Park shuffles Cabinet, infuriates opposition

Updated: 2016-11-03 07:42

(Agencies/China Daily)

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Park shuffles Cabinet, infuriates opposition

Protesters wearing cut-out of South Korean President Park Geun-hye (C) and Choi Soon-sil attend a protest denouncing President Park Geun-hye over a recent influence-peddling scandal in central Seoul, South Korea, October 27, 2016. [Photo/Agencies]

South Korea's presidential office on Wednesday named a new prime minister and finance minister, the highest-level shake-up since President Park Geun-hye's administration was first rocked by a scandal involving a friend accused of meddling in state affairs.

Opposition parties denounced the reshuffle as a bid by Park to divert attention from the crisis.

The Blue House named Financial Services Commission Chairman Yim Jong-Yong as finance minister and deputy prime minister. Yim, who replaces incumbent minister Yoo Il-ho, has been well-regarded in his current role.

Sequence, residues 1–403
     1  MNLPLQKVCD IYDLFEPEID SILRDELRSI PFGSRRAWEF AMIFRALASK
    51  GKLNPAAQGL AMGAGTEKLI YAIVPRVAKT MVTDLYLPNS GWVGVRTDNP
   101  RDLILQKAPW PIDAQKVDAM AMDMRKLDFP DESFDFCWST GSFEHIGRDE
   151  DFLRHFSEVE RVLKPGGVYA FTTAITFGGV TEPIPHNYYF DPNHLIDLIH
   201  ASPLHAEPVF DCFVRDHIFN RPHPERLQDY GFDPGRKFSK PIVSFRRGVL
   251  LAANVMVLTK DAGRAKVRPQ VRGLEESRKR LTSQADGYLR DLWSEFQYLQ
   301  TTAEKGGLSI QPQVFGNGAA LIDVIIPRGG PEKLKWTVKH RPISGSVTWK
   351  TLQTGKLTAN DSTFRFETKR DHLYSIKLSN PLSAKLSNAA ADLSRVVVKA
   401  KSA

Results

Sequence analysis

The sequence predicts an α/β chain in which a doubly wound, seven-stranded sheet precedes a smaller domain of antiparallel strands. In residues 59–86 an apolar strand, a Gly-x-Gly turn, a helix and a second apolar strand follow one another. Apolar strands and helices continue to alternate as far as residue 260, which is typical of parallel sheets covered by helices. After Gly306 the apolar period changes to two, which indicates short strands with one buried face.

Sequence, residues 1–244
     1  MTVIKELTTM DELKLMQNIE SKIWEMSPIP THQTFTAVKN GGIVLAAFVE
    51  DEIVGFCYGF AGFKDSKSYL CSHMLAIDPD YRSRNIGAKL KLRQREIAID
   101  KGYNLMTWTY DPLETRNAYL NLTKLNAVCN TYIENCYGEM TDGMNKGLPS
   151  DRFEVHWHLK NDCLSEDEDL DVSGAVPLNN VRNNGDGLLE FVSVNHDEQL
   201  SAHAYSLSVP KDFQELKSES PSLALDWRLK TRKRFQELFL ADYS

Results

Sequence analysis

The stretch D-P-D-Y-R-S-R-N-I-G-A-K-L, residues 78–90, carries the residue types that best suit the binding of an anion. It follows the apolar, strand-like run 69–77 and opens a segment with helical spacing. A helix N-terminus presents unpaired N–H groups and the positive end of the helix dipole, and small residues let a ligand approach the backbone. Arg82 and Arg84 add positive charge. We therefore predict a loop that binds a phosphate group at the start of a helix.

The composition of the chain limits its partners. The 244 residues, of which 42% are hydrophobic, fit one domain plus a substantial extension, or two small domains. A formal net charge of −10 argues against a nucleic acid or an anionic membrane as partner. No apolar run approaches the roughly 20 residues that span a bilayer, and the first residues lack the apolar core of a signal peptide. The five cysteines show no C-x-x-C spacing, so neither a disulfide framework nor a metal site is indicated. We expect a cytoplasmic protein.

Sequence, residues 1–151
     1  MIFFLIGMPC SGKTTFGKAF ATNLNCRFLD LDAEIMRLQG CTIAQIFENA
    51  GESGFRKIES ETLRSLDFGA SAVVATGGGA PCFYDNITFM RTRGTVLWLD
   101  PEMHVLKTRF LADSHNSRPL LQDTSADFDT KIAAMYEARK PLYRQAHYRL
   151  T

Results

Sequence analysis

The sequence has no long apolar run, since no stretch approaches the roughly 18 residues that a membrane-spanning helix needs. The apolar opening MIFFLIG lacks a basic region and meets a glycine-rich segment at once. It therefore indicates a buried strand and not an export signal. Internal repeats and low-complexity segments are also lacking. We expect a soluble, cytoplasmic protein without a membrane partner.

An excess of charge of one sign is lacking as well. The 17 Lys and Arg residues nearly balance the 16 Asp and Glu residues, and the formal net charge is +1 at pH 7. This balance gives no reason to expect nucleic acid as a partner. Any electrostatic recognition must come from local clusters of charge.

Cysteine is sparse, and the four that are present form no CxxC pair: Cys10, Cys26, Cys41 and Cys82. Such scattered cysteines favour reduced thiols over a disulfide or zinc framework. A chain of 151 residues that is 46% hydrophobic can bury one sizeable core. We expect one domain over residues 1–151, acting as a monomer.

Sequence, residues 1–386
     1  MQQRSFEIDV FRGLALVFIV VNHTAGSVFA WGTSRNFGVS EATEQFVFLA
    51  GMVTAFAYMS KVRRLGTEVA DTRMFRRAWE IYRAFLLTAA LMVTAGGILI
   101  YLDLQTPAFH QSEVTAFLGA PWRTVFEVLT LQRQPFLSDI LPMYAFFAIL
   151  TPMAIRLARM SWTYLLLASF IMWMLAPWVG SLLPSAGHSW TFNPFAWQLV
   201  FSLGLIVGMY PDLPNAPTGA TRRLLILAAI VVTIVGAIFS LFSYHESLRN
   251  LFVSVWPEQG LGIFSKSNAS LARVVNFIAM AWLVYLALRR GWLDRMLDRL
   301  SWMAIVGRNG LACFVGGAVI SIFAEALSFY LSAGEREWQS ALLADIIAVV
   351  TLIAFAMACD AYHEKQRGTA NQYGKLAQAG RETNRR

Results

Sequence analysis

Kim Byong-joon, a senior presidential secretary under former president Roh Moo-Hyun, is expected to replace Hwang Kyo-Ahn as prime minister.

Appointing Kim, who has a reputation as a liberal, appears to be a bid by the conservative Park to placate the opposition and soothe public anger over the scandal involving Park's friend, Choi Soon-Sil, 60, who is in custody.

But the shake-up did little to please the opposition.

"This replacement of the prime minister and finance minister can't be happening without discussing it with the opposition," said Park Jie-won, leader of the opposition People's Party, insisting his party will boycott nomination hearings.

South Korean stocks and the won currency did not react to the changes.

A growing number of opposition politicians, as well as many members of the public have called on Park Geun-hye to step down, although the opposition has not called for impeachment proceedings.

No South Korean president has ever resigned or been impeached successfully. If Park, 64, were to step down, an election would be held in 60 days.

Prosecutors are looking into allegations Choi forced conglomerates to donate to nonprofit foundations using her friendship with the president and whether she benefited financially.